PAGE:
Clockwise from top left: Future Cities Lab (x2), Iwamoto Scott Architecture, floating sculpture detail and overall view

Clockwise from top left: Future Cities Lab (x2), Iwamoto Scott Architecture, floating sculpture detail and overall view

This last set of photos come from two local, San Francisco-based practices: Future Cities Lab and IwamotoScott Architecture. I happen to know someone who works at IwamotoScott - congrats to Mia Zinni on the exhibition, whether you worked on it or not!

The top two photos from Future Cities Lab demonstrated their Thermaespheres and Anemone Canopy projects. The Anemone Canopy is a built public art project in Albany, CA; it reminded me immediately of The Living’s “Living Light” pavilion project in Seoul that indicates air quality information on a glowing tree-like canopy. That was apparently a project in conjunction with GSAPP; The Living - now owned by Autodesk - is (was?) David Benjamin’s studio, who is a GSAPP professor, and who was part of my second-year C-BIP joint studio. The Future Cities Lab project seems formally similar but conceptually far from the “Living Light” project, since the “Living Light” was meant to be interactive, showing information to the public (albeit in a very abstract way), while “Anemone Canopy” is a pure shade structure / art piece. I have to say I’m a bit disappointed that it didn’t attempt to do more. It does look cool, though, as does the Thermaespheres. The latter was apparently about creating different temperature environments, although it wasn’t clear to me from the model itself how that was supposed to work.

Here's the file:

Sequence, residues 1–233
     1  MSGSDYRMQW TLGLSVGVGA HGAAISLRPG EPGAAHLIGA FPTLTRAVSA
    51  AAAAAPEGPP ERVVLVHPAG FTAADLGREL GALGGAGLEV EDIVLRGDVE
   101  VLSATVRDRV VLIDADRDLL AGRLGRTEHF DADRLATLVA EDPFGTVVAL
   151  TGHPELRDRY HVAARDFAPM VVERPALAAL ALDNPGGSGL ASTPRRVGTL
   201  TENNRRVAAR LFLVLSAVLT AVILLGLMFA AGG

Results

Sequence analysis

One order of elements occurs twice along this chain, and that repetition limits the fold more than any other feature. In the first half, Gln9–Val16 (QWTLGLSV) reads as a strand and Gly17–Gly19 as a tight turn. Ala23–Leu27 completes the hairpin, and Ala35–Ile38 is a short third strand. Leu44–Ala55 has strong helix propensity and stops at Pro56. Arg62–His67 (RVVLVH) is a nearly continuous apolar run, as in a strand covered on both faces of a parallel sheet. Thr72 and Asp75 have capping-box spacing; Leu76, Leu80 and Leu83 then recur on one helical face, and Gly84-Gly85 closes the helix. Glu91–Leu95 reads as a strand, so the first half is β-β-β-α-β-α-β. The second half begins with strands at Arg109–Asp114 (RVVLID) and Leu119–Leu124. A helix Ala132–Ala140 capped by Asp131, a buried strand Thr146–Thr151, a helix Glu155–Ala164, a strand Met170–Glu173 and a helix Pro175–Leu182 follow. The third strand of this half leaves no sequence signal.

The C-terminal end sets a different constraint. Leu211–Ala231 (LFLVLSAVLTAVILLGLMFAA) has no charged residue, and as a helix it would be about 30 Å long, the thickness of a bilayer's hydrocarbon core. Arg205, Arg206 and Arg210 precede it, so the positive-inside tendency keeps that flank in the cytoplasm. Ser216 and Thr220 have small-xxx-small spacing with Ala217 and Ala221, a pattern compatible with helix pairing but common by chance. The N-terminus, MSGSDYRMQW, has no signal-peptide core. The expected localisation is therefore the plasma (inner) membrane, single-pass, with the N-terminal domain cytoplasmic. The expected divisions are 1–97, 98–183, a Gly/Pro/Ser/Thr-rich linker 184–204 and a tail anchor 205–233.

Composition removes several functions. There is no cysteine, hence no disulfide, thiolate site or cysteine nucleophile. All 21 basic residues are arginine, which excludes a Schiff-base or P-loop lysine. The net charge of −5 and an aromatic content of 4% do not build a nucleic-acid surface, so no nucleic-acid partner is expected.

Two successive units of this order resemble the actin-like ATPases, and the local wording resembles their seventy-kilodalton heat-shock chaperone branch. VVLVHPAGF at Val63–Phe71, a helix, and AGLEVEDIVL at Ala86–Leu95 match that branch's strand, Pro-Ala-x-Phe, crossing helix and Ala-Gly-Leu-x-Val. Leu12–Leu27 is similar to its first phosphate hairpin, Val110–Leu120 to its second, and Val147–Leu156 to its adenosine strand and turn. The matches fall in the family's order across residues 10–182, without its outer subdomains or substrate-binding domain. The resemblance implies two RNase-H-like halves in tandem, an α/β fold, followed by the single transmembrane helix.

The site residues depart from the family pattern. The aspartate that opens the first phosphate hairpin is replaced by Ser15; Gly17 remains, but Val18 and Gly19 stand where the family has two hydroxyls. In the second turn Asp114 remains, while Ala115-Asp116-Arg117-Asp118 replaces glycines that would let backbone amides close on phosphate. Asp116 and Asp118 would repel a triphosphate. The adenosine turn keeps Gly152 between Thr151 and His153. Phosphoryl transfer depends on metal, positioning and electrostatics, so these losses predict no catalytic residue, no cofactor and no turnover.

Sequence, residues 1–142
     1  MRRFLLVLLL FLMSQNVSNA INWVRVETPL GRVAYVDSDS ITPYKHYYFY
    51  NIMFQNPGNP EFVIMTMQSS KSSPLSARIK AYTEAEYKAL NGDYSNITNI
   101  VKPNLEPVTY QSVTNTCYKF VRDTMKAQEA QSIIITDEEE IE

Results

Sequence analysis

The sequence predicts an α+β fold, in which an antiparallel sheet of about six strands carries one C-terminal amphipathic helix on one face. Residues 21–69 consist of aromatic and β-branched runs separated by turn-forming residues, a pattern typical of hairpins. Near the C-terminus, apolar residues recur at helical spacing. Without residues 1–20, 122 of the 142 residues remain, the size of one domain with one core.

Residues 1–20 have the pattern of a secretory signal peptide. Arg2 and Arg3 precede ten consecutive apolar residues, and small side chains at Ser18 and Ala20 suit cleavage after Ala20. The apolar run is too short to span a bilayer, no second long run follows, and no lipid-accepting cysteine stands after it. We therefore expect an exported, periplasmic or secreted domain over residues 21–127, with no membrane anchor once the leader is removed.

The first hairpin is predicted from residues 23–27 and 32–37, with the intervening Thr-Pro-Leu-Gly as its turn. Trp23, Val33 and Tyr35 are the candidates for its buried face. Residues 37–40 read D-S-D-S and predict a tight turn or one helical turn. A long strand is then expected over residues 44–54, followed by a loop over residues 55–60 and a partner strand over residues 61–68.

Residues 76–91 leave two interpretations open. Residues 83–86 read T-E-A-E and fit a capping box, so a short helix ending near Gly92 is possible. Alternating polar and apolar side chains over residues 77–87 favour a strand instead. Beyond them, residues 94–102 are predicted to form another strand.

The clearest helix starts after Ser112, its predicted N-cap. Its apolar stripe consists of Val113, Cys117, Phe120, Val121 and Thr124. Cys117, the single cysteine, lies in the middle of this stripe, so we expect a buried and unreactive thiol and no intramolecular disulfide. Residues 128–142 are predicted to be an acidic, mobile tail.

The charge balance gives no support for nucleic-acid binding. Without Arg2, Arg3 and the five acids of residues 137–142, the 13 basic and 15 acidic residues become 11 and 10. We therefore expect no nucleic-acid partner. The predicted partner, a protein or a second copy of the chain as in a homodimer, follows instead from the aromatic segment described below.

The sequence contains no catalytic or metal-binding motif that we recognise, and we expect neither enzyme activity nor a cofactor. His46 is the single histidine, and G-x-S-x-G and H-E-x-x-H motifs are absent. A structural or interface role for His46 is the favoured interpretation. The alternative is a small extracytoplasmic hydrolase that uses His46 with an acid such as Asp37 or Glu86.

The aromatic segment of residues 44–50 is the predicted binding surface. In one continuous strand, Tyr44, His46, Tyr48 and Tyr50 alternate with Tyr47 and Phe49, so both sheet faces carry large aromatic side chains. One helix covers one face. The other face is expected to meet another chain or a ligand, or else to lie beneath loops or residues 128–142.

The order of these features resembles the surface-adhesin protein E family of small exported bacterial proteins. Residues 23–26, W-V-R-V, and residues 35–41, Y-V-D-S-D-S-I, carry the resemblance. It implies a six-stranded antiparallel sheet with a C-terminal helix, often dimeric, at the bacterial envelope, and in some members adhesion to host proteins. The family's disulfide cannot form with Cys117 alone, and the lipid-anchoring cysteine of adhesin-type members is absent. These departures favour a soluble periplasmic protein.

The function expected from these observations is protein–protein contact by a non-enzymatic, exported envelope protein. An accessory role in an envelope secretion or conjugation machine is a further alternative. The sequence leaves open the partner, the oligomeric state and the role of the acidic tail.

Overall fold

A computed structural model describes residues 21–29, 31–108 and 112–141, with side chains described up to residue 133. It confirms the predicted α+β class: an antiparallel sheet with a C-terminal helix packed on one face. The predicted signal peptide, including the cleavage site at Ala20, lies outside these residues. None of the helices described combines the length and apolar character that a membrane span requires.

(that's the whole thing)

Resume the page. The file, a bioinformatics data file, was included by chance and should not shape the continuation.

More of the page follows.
The IwamotoScott project is called, appropriately enough, “Site Specific Pavilion” and was built for the exhibition. The “pavilion” was a seemingly hovering assemblage of metal-clad shapes held together by steel wires. It looked more like a sculpture than a pavilion to me, and I thought you actually had to look pretty hard to tell that the shapes were floating above each other. I had to follow the shapes around the piece in order to understand that they did not rest on each other. This seemed to be truly a pavilion without a purpose, since it, unlike the others, could not even provide shade; but as a sculpture, I found it compelling. Again, I wish it strived for a bit more, or at least was inviting enough to sit on!

Lest you think I am hating too much on pavilions that look great but don’t do much else - I was indeed impressed enough with Studio Gang’s “Hive” pavilion at the National Building Museum (which I wrote about briefly last year) to take dozens of photos of it. And I have designed at least a few nonfunctional pavilions for competitions myself. So it’s not that I am immune to the lure of an exciting shape - but always left wanting more! Generally I had the same feeling about these projects. Perhaps that’s the curse of an architect who thinks too much about the purpose, cost, and social impact of her work.

For another take on the exhibit, here’s a more straightforward article.